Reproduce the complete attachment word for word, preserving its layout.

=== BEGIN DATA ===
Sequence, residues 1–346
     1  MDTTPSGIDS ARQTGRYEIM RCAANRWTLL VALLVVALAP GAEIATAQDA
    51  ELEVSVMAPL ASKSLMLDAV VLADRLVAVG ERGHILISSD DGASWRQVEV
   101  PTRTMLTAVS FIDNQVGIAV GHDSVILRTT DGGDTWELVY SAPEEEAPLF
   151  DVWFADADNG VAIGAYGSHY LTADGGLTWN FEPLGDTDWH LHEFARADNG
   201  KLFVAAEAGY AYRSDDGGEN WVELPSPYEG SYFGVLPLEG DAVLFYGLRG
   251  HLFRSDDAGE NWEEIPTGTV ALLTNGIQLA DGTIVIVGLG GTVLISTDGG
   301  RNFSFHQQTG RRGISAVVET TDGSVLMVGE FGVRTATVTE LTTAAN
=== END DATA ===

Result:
Sequence, residues 1–346
     1  MDTTPSGIDS ARQTGRYEIM RCAANRWTLL VALLVVALAP GAEIATAQDA
    51  ELEVSVMAPL ASKSLMLDAV VLADRLVAVG ERGHILISSD DGASWRQVEV
   101  PTRTMLTAVS FIDNQVGIAV GHDSVILRTT DGGDTWELVY SAPEEEAPLF
   151  DVWFADADNG VAIGAYGSHY LTADGGLTWN FEPLGDTDWH LHEFARADNG
   201  KLFVAAEAGY AYRSDDGGEN WVELPSPYEG SYFGVLPLEG DAVLFYGLRG
   251  HLFRSDDAGE NWEEIPTGTV ALLTNGIQLA DGTIVIVGLG GTVLISTDGG
   301  RNFSFHQQTG RRGISAVVET TDGSVLMVGE FGVRTATVTE LTTAAN